Project description:During early development, midbrain dopaminergic (mDA) neuronal progenitors (NPs) arise from the ventral mesencephalic area by the combined actions of secreted factors and their downstream transcription factors. These mDA NPs proliferate, migrate to their final destinations, and develop into mature mDA neurons in the substantia nigra and the ventral tegmental area. Here, we show that such authentic mDA NPs can be efficiently isolated from differentiated ES cells (ESCs) using a FACS method combining two markers, Otx2 and Corin. Purified Otx2(+)Corin(+) cells coexpressed other mDA NP markers, including FoxA2, Lmx1b, and Glast. Using optimized culture conditions, these mDA NPs continuously proliferated up to 4 wk with almost 1,000-fold expansion without significant changes in their phenotype. Furthermore, upon differentiation, Otx2(+)Corin(+) cells efficiently generated mDA neurons, as evidenced by coexpression of mDA neuronal markers (e.g., TH, Pitx3, Nurr1, and Lmx1b) and physiological functions (e.g., efficient DA secretion and uptake). Notably, these mDA NPs differentiated into a relatively homogenous DA population with few serotonergic neurons. When transplanted into PD model animals, aphakia mice, and 6-OHDA-lesioned rats, mDA NPs differentiated into mDA neurons in vivo and generated well-integrated DA grafts, resulting in significant improvement in motor dysfunctions without tumor formation. Furthermore, grafted Otx2(+)Corin(+) cells exhibited significant migratory function in the host striatum, reaching >3.3 mm length in the entire striatum. We propose that functional and expandable mDA NPs can be efficiently isolated by this unique strategy and will serve as useful tools in regenerative medicine, bioassay, and drug screening.
Project description:Despite the progress in safety and efficacy of cell replacement therapy with pluripotent stem cells (PSCs), the presence of residual undifferentiated stem cells or proliferating neural progenitor cells with rostral identity remains a major challenge. Here we report the generation of a LIM homeobox transcription factor 1 alpha (LMX1A) knock-in GFP reporter human embryonic stem cell (hESC) line that marks the early dopaminergic progenitors during neural differentiation to find reliable membrane protein markers for isolation of midbrain dopaminergic neurons. Purified GFP positive cells in vitro exhibited expression of mRNA and proteins that characterized and matched the midbrain dopaminergic identity. Further quantitative proteomics analysis of enriched LMX1A+ cells identified several membrane-associated proteins including a polysialylated embryonic form of neural cell adhesion molecule (PSA-NCAM) and contactin 2 (CNTN2), enabling prospective isolation of LMX1A+ progenitor cells. Transplantation of human-PSC-derived purified CNTN2+ progenitors enhanced dopamine release from transplanted cells in the host brain and alleviated Parkinson's disease-related phenotypes in animal models. This study establishes an efficient approach for purification of large numbers of human-PSC-derived dopaminergic progenitors for therapeutic applications.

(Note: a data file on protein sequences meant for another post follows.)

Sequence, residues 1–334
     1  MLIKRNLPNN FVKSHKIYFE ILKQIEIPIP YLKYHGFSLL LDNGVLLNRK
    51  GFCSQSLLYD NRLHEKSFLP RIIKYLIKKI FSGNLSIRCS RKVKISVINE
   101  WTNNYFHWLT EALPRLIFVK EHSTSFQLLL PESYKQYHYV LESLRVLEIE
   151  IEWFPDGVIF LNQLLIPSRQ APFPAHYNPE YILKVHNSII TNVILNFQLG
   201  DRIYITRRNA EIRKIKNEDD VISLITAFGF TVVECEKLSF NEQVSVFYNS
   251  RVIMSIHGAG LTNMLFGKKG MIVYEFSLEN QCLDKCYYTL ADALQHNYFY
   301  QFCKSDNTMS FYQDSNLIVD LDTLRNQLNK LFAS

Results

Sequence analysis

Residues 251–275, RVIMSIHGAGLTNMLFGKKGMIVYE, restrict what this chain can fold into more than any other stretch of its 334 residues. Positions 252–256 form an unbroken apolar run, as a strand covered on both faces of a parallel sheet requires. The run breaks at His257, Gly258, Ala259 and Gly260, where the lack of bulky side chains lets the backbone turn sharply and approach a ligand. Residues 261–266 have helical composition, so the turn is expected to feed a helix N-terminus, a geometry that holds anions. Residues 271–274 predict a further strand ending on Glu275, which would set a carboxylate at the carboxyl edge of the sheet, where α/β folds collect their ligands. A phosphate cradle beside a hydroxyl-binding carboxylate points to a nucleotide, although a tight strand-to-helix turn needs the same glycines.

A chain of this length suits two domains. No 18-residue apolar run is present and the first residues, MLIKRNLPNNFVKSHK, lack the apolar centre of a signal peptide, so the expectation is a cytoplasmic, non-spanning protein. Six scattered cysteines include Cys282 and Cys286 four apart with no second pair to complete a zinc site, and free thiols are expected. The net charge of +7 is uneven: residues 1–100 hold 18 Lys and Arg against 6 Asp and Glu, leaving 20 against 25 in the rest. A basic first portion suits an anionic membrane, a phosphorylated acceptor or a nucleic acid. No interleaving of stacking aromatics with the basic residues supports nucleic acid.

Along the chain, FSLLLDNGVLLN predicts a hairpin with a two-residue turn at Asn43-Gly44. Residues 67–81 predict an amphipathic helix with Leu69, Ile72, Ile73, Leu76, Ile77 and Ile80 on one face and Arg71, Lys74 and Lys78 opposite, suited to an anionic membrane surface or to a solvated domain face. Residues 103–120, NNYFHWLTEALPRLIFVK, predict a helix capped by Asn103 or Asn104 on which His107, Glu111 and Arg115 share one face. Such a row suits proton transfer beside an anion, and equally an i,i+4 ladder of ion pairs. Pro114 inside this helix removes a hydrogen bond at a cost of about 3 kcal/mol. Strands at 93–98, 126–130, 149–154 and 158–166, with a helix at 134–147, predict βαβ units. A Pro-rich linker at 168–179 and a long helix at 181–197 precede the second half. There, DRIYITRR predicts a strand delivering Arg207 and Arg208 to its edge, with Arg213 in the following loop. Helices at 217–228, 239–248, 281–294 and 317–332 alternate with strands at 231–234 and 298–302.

Project description:The main motor symptoms of Parkinson's disease are due to the loss of dopaminergic (DA) neurons in the ventral midbrain (VM). For the future treatment of Parkinson's disease with cell transplantation it is important to develop efficient differentiation methods for production of human iPSCs and hESCs-derived midbrain-type DA neurons. Here we describe an efficient differentiation and sorting strategy for DA neurons from both human ES/iPS cells and non-human primate iPSCs. The use of non-human primate iPSCs for neuronal differentiation and autologous transplantation is important for preclinical evaluation of safety and efficacy of stem cell-derived DA neurons. The aim of this study was to improve the safety of human- and non-human primate iPSC (PiPSC)-derived DA neurons. According to our results, NCAM(+) /CD29(low) sorting enriched VM DA neurons from pluripotent stem cell-derived neural cell populations. NCAM(+) /CD29(low) DA neurons were positive for FOXA2/TH and EN1/TH and this cell population had increased expression levels of FOXA2, LMX1A, TH, GIRK2, PITX3, EN1, NURR1 mRNA compared to unsorted neural cell populations. PiPSC-derived NCAM(+) /CD29(low) DA neurons were able to restore motor function of 6-hydroxydopamine (6-OHDA) lesioned rats 16 weeks after transplantation. The transplanted sorted cells also integrated in the rodent brain tissue, with robust TH+/hNCAM+ neuritic innervation of the host striatum. One year after autologous transplantation, the primate iPSC-derived neural cells survived in the striatum of one primate without any immunosuppression. These neural cell grafts contained FOXA2/TH-positive neurons in the graft site. This is an important proof of concept for the feasibility and safety of iPSC-derived cell transplantation therapies in the future.